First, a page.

You want to get really scared at the movies? Try jumping in to direct the fourth installment of a successful franchise.
It certainly helped that before getting hired for “Insidious: The Last Key,” Adam Robitel had been a fan of the “Insidious” horror films, ever since catching an early screening of the 2011 James Wan-directed original at a film school. He also had long been friends with one of the franchise’s stars, Lin Shaye, working with her as an actor in other movies.
“So it was super cool, and I felt like I was dog who caught a bus,” Robitel tells Made in Hollywood reporter Patrick Stinson. “It’s a big bus and it’ll run you over if you’re not careful.”
He credits Leigh Wannell, star and the writer of the series, for guiding him through the process. “Leigh was super gracious and I learned a lot from him,” says Robitel, “and I was able to put my own stamp on it.”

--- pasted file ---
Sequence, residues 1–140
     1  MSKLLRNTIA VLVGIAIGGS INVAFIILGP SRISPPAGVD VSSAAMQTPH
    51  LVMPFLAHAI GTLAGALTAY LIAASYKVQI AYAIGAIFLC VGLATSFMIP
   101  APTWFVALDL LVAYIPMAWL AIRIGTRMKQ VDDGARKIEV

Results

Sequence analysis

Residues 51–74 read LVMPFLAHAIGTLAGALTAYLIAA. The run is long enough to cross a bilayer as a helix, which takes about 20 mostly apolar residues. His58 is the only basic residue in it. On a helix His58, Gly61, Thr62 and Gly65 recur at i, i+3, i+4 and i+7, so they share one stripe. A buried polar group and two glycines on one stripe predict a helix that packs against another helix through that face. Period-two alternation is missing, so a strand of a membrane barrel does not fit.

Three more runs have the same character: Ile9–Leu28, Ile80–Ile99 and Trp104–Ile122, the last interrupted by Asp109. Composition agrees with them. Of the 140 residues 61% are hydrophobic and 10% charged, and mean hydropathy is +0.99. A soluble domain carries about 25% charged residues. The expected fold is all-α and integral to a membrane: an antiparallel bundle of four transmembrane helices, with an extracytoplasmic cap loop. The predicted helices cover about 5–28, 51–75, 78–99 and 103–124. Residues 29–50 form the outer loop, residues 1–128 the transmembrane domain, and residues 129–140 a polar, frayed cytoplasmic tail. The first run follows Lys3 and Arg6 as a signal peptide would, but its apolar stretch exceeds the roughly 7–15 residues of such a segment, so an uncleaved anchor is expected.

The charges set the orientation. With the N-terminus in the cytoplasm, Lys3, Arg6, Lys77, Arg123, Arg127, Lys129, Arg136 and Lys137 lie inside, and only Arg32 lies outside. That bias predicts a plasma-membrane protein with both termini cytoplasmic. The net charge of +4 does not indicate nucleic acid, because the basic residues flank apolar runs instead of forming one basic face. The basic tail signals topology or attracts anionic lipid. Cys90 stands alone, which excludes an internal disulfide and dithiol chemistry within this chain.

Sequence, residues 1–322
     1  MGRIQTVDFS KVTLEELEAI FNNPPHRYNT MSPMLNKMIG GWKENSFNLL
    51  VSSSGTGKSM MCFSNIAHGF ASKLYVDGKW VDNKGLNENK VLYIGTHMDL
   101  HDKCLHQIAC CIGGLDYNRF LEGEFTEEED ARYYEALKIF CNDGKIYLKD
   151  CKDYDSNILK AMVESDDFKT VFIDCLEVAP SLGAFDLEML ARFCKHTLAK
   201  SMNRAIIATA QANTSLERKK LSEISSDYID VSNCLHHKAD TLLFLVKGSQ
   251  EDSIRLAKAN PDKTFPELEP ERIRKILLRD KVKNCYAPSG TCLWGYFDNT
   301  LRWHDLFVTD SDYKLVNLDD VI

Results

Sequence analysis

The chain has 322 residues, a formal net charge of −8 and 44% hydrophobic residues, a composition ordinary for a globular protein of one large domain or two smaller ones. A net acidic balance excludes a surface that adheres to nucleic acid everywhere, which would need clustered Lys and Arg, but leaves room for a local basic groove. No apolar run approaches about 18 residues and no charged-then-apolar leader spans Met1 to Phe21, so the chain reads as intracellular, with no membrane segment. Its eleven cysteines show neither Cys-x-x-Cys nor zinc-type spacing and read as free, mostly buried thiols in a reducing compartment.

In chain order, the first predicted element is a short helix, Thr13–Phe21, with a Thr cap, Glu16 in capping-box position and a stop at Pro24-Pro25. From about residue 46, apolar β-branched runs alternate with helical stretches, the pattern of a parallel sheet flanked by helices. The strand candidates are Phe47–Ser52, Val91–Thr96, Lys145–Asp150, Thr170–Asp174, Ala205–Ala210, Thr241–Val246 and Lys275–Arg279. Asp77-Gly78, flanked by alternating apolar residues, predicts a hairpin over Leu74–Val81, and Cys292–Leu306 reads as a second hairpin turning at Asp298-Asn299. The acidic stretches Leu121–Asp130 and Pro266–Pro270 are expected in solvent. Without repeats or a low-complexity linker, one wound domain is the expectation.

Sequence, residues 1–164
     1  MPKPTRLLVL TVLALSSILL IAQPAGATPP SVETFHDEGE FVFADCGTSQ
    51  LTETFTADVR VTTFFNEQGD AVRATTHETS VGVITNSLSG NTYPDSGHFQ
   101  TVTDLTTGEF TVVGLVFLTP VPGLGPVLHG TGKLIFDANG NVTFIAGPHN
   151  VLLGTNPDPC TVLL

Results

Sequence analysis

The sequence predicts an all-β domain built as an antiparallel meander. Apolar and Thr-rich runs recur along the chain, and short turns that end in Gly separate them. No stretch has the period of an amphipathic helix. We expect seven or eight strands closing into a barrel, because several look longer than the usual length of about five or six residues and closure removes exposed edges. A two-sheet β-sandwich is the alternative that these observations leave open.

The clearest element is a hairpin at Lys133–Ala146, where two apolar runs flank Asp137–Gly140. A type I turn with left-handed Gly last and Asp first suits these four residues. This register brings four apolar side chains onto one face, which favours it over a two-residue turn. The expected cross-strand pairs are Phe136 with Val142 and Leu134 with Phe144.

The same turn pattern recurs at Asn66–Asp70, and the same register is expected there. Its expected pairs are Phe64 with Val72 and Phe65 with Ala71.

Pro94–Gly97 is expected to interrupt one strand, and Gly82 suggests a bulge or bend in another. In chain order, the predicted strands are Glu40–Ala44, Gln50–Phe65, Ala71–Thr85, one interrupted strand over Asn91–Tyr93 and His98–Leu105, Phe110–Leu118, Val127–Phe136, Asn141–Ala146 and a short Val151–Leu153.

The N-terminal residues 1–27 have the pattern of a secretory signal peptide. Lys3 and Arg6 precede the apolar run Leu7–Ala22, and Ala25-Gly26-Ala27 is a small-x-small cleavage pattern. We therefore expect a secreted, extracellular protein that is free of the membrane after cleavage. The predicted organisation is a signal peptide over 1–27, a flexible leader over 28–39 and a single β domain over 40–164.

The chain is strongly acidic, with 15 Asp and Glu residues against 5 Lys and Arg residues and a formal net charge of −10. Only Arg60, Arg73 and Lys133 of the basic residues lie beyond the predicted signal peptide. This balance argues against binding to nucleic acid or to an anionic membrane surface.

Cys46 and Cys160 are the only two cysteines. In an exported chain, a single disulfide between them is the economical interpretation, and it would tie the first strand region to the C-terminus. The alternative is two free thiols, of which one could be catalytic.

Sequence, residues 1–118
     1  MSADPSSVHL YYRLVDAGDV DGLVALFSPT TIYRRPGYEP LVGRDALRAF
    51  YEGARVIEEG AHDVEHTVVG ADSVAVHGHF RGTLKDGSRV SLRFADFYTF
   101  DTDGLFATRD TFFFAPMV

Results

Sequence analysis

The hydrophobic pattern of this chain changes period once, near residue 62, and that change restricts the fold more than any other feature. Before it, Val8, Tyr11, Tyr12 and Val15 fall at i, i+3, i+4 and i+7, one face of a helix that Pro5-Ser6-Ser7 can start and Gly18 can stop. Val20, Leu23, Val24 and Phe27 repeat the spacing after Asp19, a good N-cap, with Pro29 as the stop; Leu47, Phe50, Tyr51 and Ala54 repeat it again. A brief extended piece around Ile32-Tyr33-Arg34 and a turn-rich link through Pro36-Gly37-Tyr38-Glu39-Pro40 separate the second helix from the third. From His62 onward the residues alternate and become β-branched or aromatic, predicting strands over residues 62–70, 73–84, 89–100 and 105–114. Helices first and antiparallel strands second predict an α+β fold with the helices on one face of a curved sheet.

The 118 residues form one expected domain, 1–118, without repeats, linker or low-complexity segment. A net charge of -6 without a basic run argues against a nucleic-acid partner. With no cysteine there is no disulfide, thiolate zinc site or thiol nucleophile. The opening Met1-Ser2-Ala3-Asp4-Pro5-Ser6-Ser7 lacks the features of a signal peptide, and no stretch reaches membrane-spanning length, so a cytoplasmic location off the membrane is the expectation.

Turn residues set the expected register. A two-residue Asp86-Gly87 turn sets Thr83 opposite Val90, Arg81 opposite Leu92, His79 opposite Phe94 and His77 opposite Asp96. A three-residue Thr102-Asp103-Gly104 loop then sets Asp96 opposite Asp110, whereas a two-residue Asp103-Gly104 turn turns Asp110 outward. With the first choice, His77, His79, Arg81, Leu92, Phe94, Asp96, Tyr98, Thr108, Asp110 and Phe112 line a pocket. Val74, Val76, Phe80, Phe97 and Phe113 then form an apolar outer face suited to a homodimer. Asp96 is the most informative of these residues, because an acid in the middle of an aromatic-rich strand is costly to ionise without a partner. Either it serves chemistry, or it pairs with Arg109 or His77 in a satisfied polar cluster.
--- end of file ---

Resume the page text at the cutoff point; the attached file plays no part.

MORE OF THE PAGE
As with all horror films, he says, the secret to pulling off effective frights is to get the audience invested in the characters. In “The Last Key,” Shaye’s parapsychologist Elise Rainier receives a disturbing call from a man who claimshis house is haunted. The house turns out to be the home where Elise grew up. Accompanied by her two investigative partners, she travels to Five Keys to confront and destroy her greatest fear — the demon that she accidentally set free years earlier.
“You have to really pull the audience in and have them relate to the characters,” says Robitel. “For me, It always starts with characters that you care about and a situation that pulls on the heartstrings. If you go on the journey with the characters, then the scares will follow.”
His biggest challenge was to make sure the sequel lived up to the predecessors.
“You always hope that a sequel can stand on its own,” he says. “It’s about Elise realizing things about her father an her house and secrets from her past that she gets to uncover. It’s an origin story for her. I think for all those reasons, there’s a reason for the movie to exist.”